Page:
Successful Job Interviewing – How to Be Prepared

Crucial to job interview success is scrupulous attention to your preparatory homework. You really should not ignore this part. Think about it. If you are, like my friend Johan, participating in an MBA course, you are stretching your budget and even the most affordable online MBA will set you back at least 20K, so when you pay this kind of money for your education and get a job interview, you want to maximize this opportunity, right?

Interviewing for a new career opportunity in middle age, especially if considering a career tangent, can be a little daunting. Here are some tips for success. Today’s focus is pre-interview preparation. Review of posts of the past 10 days or so will provide more background information on some of the issues mentioned here.

Crucial to success is scrupulous attention to your homework. Ask yourself how many exams you failed in your student days when you were well prepared? None; right?
Exactly the same applies with job interviews. Provided you prepare in advance, and are as realistic as possible about whether the fit is right, you’ll interview successfully and succeed in your new career role.

The Homework Stage

1. Consider every exchange with a potential new employer or supervisor as a part of the interview process – thus whether via telephone, email or conventional mail, be on your toes. Consciously or not, you are laying out the opening bars of an impression. Are you courteous, responsible, punctual, and articulate? Do you appear informed, interested, and positive? In a reciprocal fashion, what are you learning about them?

2. Remember to have completed your earlier assignments with respect to networking, identification of unique abilities and transferable skills, preparation of a resume and an elevator pitch.
Why?

[a] Networking opens up interview possibilities and allows you be informed about both the particular job opportunity you are exploring and more general industry trends, opportunities and challenges.
[b] Your unique abilities and transferable skills allow you articulate in a dynamic manner what you can specifically add to an employing organization.
[c] Your resume points to the career trajectory you’ve followed and the logic of this new career opportunity in your ongoing professional evolution. Tie past accomplishments to future responsibilities.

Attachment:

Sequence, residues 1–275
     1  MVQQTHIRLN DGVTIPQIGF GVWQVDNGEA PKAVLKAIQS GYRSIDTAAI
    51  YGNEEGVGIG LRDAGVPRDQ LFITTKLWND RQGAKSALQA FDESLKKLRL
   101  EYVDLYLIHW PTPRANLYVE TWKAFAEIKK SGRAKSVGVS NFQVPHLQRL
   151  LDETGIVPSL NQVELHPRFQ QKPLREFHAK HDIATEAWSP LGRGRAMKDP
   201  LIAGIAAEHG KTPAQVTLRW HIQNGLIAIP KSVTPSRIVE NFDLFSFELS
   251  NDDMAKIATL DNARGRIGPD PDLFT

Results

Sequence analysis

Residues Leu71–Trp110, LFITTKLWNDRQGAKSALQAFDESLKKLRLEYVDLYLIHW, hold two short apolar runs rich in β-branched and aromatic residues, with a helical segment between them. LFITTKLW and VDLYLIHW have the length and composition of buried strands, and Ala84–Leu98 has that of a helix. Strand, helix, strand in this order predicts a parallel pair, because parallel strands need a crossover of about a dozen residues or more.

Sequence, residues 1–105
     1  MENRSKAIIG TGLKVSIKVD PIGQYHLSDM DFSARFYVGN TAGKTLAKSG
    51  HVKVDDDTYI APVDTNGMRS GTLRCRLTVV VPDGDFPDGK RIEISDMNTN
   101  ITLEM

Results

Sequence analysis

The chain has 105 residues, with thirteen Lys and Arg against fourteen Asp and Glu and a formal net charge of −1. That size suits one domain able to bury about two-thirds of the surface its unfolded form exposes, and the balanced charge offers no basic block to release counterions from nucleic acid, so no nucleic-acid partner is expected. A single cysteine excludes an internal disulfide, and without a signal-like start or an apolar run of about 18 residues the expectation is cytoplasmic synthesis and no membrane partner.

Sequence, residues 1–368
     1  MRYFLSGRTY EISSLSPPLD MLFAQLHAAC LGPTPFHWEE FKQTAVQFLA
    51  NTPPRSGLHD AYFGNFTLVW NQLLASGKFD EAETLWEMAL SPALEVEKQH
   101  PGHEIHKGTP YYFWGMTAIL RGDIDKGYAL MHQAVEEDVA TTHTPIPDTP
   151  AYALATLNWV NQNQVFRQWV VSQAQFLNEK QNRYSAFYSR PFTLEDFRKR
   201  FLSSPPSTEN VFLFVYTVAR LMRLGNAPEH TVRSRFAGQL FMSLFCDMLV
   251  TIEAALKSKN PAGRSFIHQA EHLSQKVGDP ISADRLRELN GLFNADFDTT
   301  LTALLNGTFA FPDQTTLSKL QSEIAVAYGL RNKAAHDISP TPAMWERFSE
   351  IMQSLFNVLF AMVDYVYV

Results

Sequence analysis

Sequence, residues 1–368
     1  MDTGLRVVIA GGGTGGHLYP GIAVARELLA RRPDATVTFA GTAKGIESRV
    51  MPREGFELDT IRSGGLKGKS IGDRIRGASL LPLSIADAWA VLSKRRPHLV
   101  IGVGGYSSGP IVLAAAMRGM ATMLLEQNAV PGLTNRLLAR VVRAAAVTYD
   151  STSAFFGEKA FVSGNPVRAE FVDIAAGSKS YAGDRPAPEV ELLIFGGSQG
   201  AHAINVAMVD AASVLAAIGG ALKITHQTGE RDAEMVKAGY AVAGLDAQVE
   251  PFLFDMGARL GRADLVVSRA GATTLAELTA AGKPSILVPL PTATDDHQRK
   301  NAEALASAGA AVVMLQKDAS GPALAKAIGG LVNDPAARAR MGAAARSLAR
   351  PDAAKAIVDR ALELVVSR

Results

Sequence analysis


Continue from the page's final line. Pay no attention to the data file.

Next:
[d] Your elevator pitch allows you answer a common opening gambit in an interview along the lines of “briefly tell us about yourself”.

3. Rehearse a particular listening and answering style so this appears natural at the interview. Practice with your spouse/partner or a close friend. Talk out loud to yourself in the shower or car.
Listen attentively to the interviewer’s questions or comments for clues as to what they think is important. Your answers should affirm that you heard their message.
Your responses should be to-the-point and draw straight lines between your past experiences and your expertise and your potential new responsibilities. Avoid verbosity which risks being interpreted as a lack of self-confidence.

The Interview Proper Stage

There are specific ‘of-the-day’ considerations to address which I lay out below. I’m not here to tell you to wear a suit and tie, shake hands firmly, to smile and be friendly. You’re middle-aged, you know all that stuff.

1. Allow yourself the right to be nervous, and flub an answer or two. Would you want to work for an individual or organization who expects you to be superhuman?

2. Consider the formal interview as a dialogue, not a trial. Most of the time it is reasonable to assume that you meet the basic qualifications of the role you are a candidate for. Now at issue is ‘goodness-of-fit’. This has to be a two-way street.

3. Bring your best mindset to the table.
[a] Project energy and enthusiasm.
[b] Emphasize the positive and the possibilities.
[c] Be assertive without being aggressive.
[d] If asked, convey an awareness of your biases and blindspots.
[e] Frame discussion of challenges you’ve overcome as “problems-actions-results”, and try to link how your experience of conquering these challenges enhances your professional expertise and would add value to your potential new role.

4. Discussion about salary makes most of us nervous. You can reduce this anxiety by framing matters differently.
[a] Use the word compensation in lieu of salary.
[b] Enquire about your “compensation package”- thus monthly income, benefits like healthcare insurance, bonuses, incentives (usually geared to individual performance whereas bonuses may be more broadly applied to the success of a company or division), support for ongoing professional development and your opportunities for career advancement.
[c] You have an income range in mind. This is a product of your networking work discussed above. Unrealistically high or low-income expectations will raise a red flag that you are not well informed.

 

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